Opinion: Lowcost's collapse should not prevent new package rules being implemented

Opinion: Lowcost's collapse should not prevent new package rules being implemented

The failure of Lowcost Travel should not affect UK implementation of new package travel regulations, argues industry consultant Andy Cooper

When I took over the Federation of Tour Operators in 2003, I wrote a list of lobbying objectives, which started by calling for reform of the Package Travel Directive to reflect the changes in the market since 1990.

That objective was achieved, albeit 12 years later, long after I left the FTO. The new Directive now has to be implemented by December 2017, and must come into effect by June 2018.

Following the Leave vote in the referendum, there are question marks about what will happen to European legislation like this. While the implementation date is likely to be before the UK leaves the EU, the impacts will continue after the UK has left, so you can imagine there will be a debate about whether the Directive will be implemented at all.

On the positive side, the Directive is a consumer protection measure bringing more holidays into the scope of protection than the existing Directive, and probably bringing the financial protection scheme significantly closer to how the Atol scheme now works.

As the UK largely championed this reform, it is difficult to imagine the government would not want it to be implemented. However, a significant change brought about by the Directive is to the underlying principle of financial protection.

While consumers would remain protected by the rules in the country in which they bought their holiday, sellers will be subject to financial protection rules in the country where they are based, with a principle of mutual recognition of financial protection schemes.

A travel company based in Spain and subject to Spanish laws may sell holidays to UK consumers and, if they fail, the Spanish authorities would be responsible for ensuring the financial protection obligations are met – namely that consumers yet to travel receive a full refund of their monies, and those consumers already on holiday are repatriated to the place from where their holidays started.

This approach to consumer protection works fine as long as all EU member states have comparable levels of protection and this protection is adequate to ensure a comprehensive system of refund and repatriation.

Back in 2013, Lowcostholidays relocated its head office to Mallorca, partly for personal reasons, partly to take advantage of the lower cost of protection in place in the Balearic Islands.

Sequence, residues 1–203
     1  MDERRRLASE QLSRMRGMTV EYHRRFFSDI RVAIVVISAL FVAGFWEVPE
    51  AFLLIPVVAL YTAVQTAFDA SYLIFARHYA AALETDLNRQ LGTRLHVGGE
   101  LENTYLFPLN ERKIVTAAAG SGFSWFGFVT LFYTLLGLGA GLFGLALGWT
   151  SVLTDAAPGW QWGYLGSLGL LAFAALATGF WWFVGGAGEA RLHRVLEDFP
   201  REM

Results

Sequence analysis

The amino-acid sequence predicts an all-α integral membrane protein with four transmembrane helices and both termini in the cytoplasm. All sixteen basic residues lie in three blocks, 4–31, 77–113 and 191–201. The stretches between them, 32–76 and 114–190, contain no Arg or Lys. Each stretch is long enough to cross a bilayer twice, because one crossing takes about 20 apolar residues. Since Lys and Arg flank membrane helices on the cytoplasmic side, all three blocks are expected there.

At the time, the company said the following: “What we have done is completely legal and all our customers are fully protected under the European Package Directive with the full support of the Balearic Government.”

Paul Evans, the company’s chief executive, said: “We have the maximum bonding available under Spanish law and comply fully with EEC legislation and we believe and support all the moves towards European harmonisation.”

They were able to take advantage of another EU Directive, the Services Directive, which establishes the principle that a business based in one EU member state can trade in another, working through a single point of regulation.

While the CAA was unhappy about this situation and did not hesitate to voice its unhappiness, it was powerless to prevent Lowcost trading in this way.

As I said, this approach is fine as long as legal systems and regulatory frameworks are broadly comparable across all EU member states. The CAA believes they are not, and it will no doubt become clear in coming weeks whether they are correct.

It may be that all will go well, that the 27,000 customers overseas are repatriated efficiently and at no cost to themselves, and that the 110,000 customers yet to travel receive their money back without hassle.

However, if the level of cover is not as good as in the UK, holidaymakers who booked with Lowcostholidays may find themselves having to bear their own costs of getting home or not receiving full refunds.

Even though this should not be a problem for the UK authorities, there will undoubtedly be pressure brought to bear if consumers are out of pocket.

In the event of any problems, it will be easy for the UK Government to imagine the situation if it implements the Package Travel Directive.

This would oblige the UK to allow companies to base themselves in other countries, and rely on the adequacy of the protection regimes in those countries.

EU member states can challenge the levels of protection in other countries, but it would be harder for the UK as a non-member and therefore a non-participant in the EU working groups, to make and sustain a challenge.

Who in Brussels or other EU capitals will be interested in the UK view? So what if UK citizens are left high and dry? They voted to give up EU protection.

The UK government will no doubt be watching closely how the Balearic authorities handle this failure.

There is a legal maxim that ‘hard cases make bad law’, which means that what happens in an extreme case should not be the basis for a legal framework. However, there is a very real risk that if customers are left exposed, this may justify the UK changing its stance on implementation of the Package Travel Directive.

For me, the gains brought about by extending the scope of financial protection are so great that they should not be lightly sacrificed.

I hope that the UK government sees the situation in the same way, irrespective of what happens to the customers of Lowcostholidays.


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